PLAINFIELD TOWNSHIP, Mich. (WOOD) — Thursday marks 54 years since the infamous Palm Sunday tornado outbreak in six states, which killed 271 people and injured 1,500 others, including some in West Michigan.
On April 11, 1965, Two EF4 tornadoes struck Branch and Hillsdale counties within 30 minutes, killing 21 people. The twisters moved across Coldwater Lake, Devils Lake, Manitou Beach and Baw Beese Lake, destroying hundreds of cottages and homes.
An EF4 tornado also tore through Ottawa County, heading east into Kent County. It hammered Comstock Park and Rockford before moving into northeastern Montcalm County, where it dissipated.
>>Inside woodtv.com: Survivors recount Palm Sunday tornado outbreak, 50 years later
An EF4 tornado north of Lansing killed one person and there was a tornado fatality near Middleville in Barry County. Another tornado hit north of Kalamazoo, injuring 17 people.
Tornadoes also formed near Hastings, Bay City and Unionville. Two twisters hit Alma.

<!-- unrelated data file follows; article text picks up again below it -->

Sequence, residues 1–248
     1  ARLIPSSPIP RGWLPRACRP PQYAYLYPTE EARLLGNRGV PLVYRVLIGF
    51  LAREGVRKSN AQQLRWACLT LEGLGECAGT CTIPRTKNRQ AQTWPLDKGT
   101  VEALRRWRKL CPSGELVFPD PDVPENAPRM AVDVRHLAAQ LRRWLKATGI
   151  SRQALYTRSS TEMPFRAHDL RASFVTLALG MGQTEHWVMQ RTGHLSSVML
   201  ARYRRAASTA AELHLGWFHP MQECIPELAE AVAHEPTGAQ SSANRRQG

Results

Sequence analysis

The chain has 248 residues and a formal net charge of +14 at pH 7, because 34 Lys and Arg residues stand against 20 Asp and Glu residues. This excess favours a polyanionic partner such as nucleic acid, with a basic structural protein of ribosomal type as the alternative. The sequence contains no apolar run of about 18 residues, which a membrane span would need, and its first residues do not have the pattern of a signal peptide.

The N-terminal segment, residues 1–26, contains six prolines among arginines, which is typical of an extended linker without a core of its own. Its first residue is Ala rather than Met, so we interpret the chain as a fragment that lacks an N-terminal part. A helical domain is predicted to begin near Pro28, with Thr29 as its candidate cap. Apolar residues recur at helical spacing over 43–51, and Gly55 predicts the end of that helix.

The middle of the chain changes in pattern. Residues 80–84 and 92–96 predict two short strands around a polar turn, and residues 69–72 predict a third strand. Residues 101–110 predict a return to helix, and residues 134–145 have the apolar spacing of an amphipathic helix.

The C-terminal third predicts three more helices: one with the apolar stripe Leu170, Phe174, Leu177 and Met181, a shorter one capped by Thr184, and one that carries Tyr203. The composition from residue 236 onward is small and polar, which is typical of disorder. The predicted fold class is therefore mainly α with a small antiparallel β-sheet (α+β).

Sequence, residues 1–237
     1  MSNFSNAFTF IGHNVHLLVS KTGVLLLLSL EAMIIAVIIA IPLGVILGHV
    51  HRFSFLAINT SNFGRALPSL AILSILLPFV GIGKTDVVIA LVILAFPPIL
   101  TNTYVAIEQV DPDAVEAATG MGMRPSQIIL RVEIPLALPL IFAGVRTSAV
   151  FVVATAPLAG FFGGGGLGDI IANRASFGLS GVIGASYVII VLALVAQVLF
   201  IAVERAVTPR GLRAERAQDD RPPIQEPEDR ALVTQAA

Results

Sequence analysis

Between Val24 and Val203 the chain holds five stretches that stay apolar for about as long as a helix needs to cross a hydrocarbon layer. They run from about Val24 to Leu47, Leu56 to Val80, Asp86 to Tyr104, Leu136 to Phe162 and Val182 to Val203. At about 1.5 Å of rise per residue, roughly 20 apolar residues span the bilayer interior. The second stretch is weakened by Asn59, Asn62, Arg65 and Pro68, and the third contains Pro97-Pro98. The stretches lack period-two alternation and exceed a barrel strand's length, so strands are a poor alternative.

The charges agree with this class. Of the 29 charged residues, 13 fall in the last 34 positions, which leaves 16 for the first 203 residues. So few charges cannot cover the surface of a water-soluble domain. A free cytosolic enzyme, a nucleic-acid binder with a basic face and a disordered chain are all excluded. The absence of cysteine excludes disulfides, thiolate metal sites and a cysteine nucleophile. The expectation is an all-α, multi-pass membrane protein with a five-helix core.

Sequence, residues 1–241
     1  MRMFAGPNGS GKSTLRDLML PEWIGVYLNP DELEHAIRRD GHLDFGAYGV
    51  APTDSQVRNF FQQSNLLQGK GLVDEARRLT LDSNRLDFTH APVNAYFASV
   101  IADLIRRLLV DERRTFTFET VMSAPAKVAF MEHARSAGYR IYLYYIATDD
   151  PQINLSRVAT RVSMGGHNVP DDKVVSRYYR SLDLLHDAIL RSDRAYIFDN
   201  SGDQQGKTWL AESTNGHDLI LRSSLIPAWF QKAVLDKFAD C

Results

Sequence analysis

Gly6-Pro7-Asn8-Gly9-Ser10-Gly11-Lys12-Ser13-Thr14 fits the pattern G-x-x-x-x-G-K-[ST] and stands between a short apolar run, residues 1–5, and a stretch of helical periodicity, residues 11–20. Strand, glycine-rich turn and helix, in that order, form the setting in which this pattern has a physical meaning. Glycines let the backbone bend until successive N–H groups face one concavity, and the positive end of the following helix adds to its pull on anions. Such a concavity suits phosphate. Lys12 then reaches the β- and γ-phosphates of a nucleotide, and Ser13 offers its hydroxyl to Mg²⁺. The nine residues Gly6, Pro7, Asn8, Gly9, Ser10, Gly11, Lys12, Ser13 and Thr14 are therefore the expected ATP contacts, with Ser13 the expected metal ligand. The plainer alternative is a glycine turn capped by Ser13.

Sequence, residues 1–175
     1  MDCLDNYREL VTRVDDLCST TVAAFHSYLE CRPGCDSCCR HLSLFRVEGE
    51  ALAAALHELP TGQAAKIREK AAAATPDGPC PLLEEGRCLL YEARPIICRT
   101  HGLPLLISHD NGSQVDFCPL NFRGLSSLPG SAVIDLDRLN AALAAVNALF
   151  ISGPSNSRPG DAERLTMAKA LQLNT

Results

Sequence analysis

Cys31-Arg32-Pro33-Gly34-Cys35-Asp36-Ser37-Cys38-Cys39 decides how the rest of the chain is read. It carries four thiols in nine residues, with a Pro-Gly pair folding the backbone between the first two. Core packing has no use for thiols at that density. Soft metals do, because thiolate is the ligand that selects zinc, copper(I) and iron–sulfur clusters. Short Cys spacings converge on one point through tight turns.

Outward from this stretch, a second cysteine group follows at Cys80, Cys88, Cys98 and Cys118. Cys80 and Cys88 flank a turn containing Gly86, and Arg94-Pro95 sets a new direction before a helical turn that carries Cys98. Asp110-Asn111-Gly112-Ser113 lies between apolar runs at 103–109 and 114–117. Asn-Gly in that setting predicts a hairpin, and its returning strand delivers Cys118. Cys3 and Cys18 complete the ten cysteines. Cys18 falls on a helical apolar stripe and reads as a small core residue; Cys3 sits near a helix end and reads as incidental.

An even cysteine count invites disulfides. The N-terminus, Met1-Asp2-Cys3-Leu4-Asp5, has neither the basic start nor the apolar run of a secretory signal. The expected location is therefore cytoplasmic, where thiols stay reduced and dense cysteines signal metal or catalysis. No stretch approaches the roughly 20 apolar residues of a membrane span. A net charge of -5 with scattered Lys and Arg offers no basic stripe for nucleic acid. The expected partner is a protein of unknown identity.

While the toll was high, the number of casualties could’ve been worse. The tornadoes tore through the area when it was too early for summer cottage owners to return to West Michigan and many people were attending Palm Sunday church services.
Chief Meteorologist Bill Steffen said after the disaster, the U.S. Weather Bureau (now known as the National Weather Service) rolled out the watch and warning system it still uses today.
For photos, video and a look back at the conditions leading up to the outbreak, visit Bill’s Blog.